1935 – Babe Ruth hits his final homerun, his 714th, and sets a record that would stand for 39 years. Hank Aaron broke Ruth’s record in 1974 and Barry Bonds broke Aaron’s record in 2007. These are the only players to hit more than 700 homeruns in their career.

1961 – President J. F. Kennedy sets the goal of putting a man on Moon before the end of decade. Watch Kennedy’s speech at Rice University:

1964 – The U.S. Supreme Court rules that closing schools to avoid desegregation is unconstitutional.

1977 – The original “Star Wars” movie is released, taking in $1.5 million on the opening weekend.

1983 – The “Return of the Jedi” movie (Star Wars 3) is released. It set a new opening weekend box office record of over $23 million. By contrast, the most recent movie “Star Wars: The Last Jedi,” released in December 2017, took in $220 million on opening weekend.

1986 – In “Hands Across America,” 7 million people hold hands across 4,152 miles from Long Beach, California, to Battery Park in New York to raise money for local charities. Watch the official video:

1999 – The U.S. House of Representatives releases the Cox Report, which details the People’s Republic of China’s nuclear espionage against the U.S. over the prior two decades.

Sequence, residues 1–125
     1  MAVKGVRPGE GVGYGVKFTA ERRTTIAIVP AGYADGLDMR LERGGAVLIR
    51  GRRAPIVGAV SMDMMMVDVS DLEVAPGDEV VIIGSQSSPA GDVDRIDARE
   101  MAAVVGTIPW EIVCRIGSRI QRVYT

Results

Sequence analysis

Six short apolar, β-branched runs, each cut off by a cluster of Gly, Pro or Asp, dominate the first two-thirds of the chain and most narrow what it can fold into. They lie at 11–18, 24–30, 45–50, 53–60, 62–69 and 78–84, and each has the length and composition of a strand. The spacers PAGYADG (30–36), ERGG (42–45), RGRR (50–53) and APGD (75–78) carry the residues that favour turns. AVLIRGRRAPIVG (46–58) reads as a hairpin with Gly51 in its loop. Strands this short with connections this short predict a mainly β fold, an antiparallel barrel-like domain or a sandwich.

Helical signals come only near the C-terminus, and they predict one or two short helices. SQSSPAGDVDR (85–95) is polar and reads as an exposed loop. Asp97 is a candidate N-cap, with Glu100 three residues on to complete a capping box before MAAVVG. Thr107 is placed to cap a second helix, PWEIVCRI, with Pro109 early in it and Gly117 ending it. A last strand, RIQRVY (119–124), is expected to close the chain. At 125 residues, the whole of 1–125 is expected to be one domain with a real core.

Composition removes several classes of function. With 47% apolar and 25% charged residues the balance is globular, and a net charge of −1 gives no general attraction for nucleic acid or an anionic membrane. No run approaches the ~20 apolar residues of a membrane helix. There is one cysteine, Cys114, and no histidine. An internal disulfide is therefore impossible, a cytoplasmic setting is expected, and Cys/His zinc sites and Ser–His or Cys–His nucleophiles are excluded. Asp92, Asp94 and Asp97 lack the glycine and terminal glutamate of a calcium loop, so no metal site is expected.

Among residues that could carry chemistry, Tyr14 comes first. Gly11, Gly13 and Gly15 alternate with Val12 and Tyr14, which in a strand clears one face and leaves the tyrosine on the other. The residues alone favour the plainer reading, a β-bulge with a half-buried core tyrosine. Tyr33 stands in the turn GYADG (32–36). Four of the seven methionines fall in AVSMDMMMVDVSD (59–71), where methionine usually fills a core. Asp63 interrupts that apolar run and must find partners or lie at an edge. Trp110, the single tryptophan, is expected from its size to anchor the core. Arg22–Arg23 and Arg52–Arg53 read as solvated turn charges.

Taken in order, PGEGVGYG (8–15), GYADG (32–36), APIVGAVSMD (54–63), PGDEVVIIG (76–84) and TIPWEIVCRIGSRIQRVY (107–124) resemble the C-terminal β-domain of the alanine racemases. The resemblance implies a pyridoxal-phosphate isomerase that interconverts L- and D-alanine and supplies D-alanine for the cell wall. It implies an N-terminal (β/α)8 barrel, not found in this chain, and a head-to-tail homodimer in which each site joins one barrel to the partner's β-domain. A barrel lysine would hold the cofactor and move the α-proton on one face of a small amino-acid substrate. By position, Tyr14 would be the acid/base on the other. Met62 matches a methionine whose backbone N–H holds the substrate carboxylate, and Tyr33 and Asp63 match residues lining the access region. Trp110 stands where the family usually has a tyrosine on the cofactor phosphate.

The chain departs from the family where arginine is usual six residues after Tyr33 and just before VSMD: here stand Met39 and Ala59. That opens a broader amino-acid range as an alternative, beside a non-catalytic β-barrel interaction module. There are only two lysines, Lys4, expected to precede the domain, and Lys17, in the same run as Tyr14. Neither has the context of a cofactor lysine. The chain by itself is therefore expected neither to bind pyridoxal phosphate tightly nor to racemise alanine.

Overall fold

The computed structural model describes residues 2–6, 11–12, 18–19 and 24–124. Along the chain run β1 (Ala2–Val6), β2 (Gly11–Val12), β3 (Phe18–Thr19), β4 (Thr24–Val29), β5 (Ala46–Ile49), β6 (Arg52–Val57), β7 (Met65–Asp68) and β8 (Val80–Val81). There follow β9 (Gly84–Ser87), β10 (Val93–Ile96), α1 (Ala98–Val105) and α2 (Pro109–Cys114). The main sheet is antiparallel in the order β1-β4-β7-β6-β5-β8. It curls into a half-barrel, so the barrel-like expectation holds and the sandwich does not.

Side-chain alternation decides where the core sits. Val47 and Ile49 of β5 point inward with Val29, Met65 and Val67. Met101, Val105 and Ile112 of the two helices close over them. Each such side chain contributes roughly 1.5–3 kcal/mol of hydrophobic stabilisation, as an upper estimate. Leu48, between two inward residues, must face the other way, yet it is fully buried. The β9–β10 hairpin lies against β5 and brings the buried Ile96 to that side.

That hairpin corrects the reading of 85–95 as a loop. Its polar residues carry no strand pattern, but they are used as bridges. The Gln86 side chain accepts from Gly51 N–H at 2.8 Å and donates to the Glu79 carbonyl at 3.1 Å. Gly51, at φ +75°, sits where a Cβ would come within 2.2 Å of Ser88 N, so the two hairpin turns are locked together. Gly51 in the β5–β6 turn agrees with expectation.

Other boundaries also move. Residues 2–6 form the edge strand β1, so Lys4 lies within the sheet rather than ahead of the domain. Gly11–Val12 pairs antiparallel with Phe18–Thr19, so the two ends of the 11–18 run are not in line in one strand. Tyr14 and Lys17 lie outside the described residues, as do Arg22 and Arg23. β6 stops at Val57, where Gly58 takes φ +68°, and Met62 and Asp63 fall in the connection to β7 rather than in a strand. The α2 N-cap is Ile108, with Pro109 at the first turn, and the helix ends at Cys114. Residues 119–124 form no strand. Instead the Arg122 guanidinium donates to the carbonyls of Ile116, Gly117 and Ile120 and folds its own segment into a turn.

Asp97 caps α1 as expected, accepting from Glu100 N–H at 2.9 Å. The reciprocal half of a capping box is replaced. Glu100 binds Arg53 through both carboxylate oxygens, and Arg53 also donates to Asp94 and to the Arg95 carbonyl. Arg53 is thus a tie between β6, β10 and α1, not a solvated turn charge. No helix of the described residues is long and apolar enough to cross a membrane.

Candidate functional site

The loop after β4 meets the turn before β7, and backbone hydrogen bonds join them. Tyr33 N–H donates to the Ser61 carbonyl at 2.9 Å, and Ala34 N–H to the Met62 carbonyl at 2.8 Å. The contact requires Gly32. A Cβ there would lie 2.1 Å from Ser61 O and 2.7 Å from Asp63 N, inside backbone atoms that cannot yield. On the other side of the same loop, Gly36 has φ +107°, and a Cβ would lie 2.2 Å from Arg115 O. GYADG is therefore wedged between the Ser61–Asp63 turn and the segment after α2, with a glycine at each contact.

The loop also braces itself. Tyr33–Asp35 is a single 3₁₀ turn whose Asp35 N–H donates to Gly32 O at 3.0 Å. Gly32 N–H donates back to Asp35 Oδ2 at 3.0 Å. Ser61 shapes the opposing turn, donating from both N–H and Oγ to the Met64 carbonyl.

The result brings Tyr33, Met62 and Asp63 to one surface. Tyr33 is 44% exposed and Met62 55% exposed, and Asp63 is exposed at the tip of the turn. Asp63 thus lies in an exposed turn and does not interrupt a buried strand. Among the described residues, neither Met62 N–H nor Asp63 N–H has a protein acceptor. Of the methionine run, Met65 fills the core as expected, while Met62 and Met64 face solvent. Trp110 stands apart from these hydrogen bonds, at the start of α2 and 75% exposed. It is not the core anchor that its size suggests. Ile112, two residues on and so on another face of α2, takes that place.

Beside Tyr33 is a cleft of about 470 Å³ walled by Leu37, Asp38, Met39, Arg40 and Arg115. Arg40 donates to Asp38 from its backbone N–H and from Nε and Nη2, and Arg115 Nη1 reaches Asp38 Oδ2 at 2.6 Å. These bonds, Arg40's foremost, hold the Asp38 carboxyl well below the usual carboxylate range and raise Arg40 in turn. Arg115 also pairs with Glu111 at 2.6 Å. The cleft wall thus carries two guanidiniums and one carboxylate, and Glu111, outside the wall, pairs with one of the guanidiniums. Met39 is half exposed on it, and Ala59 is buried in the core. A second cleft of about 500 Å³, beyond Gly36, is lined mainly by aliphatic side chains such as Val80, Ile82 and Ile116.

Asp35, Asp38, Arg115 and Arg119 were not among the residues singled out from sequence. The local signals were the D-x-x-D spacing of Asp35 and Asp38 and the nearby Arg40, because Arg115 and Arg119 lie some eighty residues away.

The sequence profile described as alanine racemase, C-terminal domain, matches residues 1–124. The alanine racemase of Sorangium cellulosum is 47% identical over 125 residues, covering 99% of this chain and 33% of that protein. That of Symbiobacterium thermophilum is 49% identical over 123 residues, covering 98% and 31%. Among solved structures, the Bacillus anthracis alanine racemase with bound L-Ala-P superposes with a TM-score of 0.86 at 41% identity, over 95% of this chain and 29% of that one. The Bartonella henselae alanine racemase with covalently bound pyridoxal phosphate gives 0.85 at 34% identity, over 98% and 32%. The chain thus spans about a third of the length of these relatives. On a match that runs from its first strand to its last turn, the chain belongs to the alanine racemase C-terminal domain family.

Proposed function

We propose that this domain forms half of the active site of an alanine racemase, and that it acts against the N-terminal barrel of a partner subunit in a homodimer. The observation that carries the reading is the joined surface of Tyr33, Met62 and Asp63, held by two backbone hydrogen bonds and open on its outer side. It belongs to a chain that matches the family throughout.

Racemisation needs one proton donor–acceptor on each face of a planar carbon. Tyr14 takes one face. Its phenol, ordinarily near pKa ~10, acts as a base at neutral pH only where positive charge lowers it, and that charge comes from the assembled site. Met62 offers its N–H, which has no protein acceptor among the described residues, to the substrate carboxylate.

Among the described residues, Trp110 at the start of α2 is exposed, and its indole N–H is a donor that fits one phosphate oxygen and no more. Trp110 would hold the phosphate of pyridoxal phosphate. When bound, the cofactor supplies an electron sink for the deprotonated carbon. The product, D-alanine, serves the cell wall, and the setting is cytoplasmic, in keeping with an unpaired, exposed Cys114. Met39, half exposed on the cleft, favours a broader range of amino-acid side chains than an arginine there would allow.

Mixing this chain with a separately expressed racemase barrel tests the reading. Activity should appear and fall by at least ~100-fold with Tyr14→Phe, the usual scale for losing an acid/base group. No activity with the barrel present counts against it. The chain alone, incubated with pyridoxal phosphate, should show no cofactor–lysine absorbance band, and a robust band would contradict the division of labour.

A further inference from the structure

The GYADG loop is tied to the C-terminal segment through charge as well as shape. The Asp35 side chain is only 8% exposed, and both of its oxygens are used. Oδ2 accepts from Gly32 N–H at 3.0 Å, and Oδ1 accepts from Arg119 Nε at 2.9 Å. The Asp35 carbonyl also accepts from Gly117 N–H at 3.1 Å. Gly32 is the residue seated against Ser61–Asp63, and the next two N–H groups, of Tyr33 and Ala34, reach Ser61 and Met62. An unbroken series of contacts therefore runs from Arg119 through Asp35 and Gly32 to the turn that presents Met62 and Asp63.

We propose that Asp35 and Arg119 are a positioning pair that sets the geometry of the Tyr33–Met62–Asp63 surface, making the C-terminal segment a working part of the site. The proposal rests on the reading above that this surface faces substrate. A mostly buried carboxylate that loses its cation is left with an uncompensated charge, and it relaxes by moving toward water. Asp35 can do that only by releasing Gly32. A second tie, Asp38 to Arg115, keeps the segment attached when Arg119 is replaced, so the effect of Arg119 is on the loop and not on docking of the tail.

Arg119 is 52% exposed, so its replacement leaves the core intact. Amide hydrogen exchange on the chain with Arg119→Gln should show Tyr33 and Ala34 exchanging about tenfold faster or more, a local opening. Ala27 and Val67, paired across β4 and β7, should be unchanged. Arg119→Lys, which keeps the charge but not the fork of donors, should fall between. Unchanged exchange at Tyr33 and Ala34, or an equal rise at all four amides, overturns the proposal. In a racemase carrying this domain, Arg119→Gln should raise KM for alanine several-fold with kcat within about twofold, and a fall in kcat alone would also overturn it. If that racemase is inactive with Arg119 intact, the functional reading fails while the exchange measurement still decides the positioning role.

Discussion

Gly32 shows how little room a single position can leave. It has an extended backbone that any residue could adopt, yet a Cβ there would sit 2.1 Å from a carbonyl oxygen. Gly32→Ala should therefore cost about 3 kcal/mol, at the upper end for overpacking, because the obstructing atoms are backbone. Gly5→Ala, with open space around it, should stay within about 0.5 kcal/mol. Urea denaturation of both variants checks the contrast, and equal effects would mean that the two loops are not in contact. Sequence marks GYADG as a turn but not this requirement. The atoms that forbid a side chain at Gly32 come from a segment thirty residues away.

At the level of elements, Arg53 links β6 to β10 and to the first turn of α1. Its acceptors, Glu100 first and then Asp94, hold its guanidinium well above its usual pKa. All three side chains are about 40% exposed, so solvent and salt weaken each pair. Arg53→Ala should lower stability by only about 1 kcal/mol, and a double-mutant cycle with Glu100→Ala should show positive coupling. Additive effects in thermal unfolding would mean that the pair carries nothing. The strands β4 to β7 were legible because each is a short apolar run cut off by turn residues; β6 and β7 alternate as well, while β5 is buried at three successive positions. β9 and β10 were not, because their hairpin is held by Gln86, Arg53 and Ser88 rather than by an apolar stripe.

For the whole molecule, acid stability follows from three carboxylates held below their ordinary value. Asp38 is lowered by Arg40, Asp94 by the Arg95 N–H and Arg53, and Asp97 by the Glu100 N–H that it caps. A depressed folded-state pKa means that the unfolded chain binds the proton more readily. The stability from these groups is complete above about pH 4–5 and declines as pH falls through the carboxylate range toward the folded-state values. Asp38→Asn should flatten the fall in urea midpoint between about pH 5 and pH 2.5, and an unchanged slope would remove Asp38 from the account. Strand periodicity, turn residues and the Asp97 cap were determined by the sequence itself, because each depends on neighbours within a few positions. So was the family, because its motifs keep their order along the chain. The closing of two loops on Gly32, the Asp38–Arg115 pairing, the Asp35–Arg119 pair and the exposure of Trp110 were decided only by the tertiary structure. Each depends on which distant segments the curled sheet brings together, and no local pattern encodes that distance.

2006 – In Houston, former Enron Corp. chiefs Kenneth Lay and Jeffrey Skilling are convicted of conspiracy and fraud for the downfall of Enron.

2012 – The SpaceX Dragon becomes the first private commercial spacecraft to dock with the International Space Station.

May 26

1637 – The battle between the Pequot Indians and a military force of settlers at Mystic, Connecticut, kills 500 Indians. Many other members of the Indian tribe were captured and sold as slaves in the West Indies, destroying the Pequot Nation.

1647 – Alse Young becomes the first person executed as a witch in the American colonies when she is hanged in Hartford, Connecticut.

1857 – The U.S. slave Dred Scott and his family are freed by owner Henry Taylor Blow three months after the U.S. Supreme Court rules against Dred Scott’s bid for freedom. Scott died the following year at age 63.

1896 – Dow Jones (Charles Dow and Edward Jones) begins reporting on the average of 12 selected industrial stocks. It closed is 40.94. General Electric is the only original industrial stock.

1911 – The first Indianapolis 500 auto race is run. Ray Harroun won the inaugural race in 6 hours and 42 minutes. The 2017 Indy 500 lasted less than half that time. Watch the original footage:

1924 – President Calvin Coolidge signs an immigration law restricting immigration.

1927 – The Ford Motor Company produces the last (and 15 millionth) Model T Ford / Tin Lizzie and begins producing the Model A.